Colombo, Rylyn, and Wynry all enjoy the sun on a September day. Note how Zara is no where to be found! She was probably running around the yard, hunting something.
They Attract A Lot of Attention
While we have always gotten a lot of people coming up to us when we’re out and about with Zara, now that we also have a ridgeback, Colombo definitely attracts more attention. I think this is partially due to his size. He’s about 100 pounds, so he’s not easily overlooked. It also seems like a lot of people have heard about the ridgeback breed and are eager to chat about them. More people know ridgebacks than vizslas. The ridge down his back also attracts a lot of attention and comments. I don’t mind people talking to us or petting Colombo, but if you are a very private or shy person, you may find this annoying when you go out in public.
Ridgebacks Can Cause Damage
Even with training, a big dog can hurt you. Ridgebacks are strong and muscular and their rambunctious play style can result in accidental injuries to you or your family. Last year, I was doing some training with Colombo one morning. He performed well and I praised him. He got excited and jumped up and hit me in the mouth with his snout. He wasn’t trying to hurt me – he was just amped up. His snout hit my teeth and I realized later that one of my teeth was loose. A year later, it’s still slightly loose. I’ve been to several dentists about it. When they asked me how it happened, I explained that my dog hit me in the mouth. With wide eyes, they asked, “What kind of dog do you have?”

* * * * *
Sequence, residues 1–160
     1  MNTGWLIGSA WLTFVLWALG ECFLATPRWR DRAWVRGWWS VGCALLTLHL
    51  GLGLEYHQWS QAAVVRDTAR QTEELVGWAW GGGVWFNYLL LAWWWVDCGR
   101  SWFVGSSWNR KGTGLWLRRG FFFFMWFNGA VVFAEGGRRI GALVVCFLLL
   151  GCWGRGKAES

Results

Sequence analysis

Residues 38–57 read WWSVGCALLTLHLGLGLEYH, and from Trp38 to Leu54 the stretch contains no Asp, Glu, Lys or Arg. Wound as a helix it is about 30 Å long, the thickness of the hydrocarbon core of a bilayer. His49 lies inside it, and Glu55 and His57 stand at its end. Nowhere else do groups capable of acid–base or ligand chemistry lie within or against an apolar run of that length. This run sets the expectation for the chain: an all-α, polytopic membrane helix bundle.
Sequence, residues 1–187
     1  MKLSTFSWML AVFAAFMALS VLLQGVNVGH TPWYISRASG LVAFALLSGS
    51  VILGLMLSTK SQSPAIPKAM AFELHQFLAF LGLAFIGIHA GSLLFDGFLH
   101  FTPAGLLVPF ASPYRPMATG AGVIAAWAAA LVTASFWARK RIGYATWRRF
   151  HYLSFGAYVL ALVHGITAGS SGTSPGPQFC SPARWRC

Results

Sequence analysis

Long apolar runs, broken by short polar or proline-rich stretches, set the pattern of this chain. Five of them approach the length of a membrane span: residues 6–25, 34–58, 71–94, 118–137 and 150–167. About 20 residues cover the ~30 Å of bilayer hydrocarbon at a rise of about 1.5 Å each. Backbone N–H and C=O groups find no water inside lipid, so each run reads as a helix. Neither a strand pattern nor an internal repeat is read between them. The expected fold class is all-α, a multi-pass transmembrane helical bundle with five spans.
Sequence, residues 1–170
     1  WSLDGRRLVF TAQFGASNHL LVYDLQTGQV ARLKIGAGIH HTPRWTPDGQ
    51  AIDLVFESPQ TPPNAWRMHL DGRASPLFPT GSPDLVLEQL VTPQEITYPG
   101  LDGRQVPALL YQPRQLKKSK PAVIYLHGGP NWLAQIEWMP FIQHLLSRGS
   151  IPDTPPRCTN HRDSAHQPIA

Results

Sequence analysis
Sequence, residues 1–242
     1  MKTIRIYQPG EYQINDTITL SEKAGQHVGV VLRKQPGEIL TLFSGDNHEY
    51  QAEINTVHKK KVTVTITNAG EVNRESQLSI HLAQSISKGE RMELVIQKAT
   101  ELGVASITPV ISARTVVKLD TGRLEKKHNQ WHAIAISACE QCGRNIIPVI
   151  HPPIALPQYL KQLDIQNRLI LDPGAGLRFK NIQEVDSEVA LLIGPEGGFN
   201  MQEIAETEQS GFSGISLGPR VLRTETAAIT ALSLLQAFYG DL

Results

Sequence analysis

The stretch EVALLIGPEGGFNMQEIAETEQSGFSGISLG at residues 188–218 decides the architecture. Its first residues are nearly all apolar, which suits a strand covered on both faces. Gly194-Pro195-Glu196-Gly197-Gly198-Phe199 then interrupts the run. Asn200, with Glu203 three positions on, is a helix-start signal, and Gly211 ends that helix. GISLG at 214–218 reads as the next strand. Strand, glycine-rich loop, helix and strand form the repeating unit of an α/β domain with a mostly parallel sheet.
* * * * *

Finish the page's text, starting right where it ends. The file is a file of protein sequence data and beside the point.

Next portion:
In February, Chris was horsing around with Colombo and Colombo batted him in the eye with his paw. His nail scratched Chris’ cornea and Chris had to go to urgent care the next day. Thankfully, there was no permanent damage. In both of these situations, Colombo did not mean to hurt us. But things happen with a big dog.